These seeds have found a spot in our gardens and produced ugly weeds. Tom and I have literally pulled and dug hundreds to make way for the perennial flowers.  I mean, they will grow anywhere… even at the front door of our lives.

Years ago, I had these words posted near my desk… I must do what I can, and let God do what I can’t. I can pull the weeds…

Do not be anxious about anything, but in everything by prayer and petition, with thanksgiving, present your requests to God.  And the peace of God which transcends all understanding, will GUARD your hearts and your minds in Christ Jesus. Philippians 4: 6-7.

This Maundy Thursday of Easter week, may we all be on guard, protecting our hearts from fear.  Let not your heart be troubled… trust.  John 14:1

*** I am in process of knowing what is causing some medical heart issues.  Physical symptoms of shortness of breath, unusual fatigue affect my mental acuity, as well.  If this blog is a bit disjointed… and late… you will know why. 🙂 

 

 

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… loving me, loving you…

“I hope you get IT and die.” I crumble in disbelief any human, a woman… could hiss these words through her mask to a complete stranger in a nearby grocery store. Why? Because the recipient of the hateful remark was maskless.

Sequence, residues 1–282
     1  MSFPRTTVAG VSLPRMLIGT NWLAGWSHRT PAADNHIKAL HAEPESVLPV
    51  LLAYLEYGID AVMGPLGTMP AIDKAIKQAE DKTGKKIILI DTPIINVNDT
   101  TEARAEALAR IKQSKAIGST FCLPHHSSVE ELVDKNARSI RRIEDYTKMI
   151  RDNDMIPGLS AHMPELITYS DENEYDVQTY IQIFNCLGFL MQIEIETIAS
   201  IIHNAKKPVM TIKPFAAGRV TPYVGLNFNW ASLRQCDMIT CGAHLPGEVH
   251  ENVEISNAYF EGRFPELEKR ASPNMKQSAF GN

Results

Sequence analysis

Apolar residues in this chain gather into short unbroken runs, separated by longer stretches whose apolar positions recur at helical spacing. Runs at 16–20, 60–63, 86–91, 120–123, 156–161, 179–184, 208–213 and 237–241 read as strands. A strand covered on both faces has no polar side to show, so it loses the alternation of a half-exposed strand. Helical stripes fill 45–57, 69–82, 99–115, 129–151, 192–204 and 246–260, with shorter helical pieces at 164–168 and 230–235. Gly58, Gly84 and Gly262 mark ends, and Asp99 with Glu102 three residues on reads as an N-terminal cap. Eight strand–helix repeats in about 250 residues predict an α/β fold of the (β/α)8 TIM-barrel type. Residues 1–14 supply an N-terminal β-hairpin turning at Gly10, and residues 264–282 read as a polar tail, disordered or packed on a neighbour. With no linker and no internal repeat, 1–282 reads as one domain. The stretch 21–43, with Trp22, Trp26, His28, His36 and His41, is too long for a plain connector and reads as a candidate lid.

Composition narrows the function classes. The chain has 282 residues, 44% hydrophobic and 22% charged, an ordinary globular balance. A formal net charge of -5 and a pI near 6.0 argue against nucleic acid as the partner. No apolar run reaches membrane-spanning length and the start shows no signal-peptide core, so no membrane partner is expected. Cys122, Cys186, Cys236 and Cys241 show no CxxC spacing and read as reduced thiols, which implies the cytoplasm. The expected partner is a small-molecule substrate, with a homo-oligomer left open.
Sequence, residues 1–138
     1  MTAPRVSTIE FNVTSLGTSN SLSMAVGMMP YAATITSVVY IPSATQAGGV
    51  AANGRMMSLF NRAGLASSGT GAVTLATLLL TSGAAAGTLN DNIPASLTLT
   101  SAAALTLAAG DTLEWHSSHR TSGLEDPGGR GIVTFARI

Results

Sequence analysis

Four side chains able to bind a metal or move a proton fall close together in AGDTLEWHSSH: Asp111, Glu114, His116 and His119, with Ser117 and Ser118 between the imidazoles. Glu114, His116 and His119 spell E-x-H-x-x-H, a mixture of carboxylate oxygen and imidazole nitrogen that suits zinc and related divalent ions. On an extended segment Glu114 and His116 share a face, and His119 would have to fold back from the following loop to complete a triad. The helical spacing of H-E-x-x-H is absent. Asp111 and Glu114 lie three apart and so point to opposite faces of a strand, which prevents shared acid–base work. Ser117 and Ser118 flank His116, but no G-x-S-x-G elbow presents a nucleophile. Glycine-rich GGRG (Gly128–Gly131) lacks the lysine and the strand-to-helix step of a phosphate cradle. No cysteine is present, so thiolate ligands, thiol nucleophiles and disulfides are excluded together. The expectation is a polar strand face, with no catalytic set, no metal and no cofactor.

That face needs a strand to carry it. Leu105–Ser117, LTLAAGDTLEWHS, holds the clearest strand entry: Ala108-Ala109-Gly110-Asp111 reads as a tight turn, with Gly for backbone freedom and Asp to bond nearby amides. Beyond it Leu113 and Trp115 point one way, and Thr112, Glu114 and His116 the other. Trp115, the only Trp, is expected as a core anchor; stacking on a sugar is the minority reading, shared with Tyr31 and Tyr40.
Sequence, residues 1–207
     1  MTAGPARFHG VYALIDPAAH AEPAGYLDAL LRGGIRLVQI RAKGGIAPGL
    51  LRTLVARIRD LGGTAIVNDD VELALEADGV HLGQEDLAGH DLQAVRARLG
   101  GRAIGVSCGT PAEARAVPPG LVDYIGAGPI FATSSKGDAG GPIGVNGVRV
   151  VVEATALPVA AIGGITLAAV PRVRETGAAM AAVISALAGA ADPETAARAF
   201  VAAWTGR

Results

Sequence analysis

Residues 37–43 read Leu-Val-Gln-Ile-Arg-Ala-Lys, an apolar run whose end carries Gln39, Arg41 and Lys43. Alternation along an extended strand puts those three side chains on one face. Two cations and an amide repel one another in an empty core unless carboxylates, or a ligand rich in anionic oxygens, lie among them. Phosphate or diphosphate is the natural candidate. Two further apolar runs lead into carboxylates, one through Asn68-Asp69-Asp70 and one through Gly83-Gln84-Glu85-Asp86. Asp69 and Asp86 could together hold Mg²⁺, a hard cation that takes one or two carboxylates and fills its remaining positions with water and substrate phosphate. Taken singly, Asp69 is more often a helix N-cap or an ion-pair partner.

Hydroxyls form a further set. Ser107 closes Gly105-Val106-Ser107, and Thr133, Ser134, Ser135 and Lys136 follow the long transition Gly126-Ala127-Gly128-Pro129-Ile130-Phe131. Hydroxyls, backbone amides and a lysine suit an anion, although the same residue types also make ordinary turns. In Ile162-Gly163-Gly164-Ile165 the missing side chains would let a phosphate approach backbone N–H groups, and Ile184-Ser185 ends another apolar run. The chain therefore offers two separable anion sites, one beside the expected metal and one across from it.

Are we really this ugly? Are we this unkind, this opinionated, this judgmental… spiteful… because we don’t love others? Or is it that we don’t love ourselves? I wonder…

Hearing whispers from the Creator Father allows me to remain focused and secure. Words of love, affirmation and encouragement settle around me, and I am able to joy in the NOW, even in the turmoil. But lately, I have heard the ugly more often.  Ugly words, shouted around me; I struggle to hear positive echos stirring my thoughts; I fret in the silence.  This  venom filled  comment  definitely  disturbed my spirit.

How can I love my neighbor as myself if I don’t love me? A friend shared her struggles of insecurity when she was a young wife and mother.  “I put myself and others down in order to show I was an okay person.  But I wasn’t.  I did not know how to love me”.  Jesus gave this answer as the second most important command. First, love the Lord with all your heart and then love your neighbor as yourself. Mark 12:29-30

How can I love you if I don’t love me? And is it even possible to love me?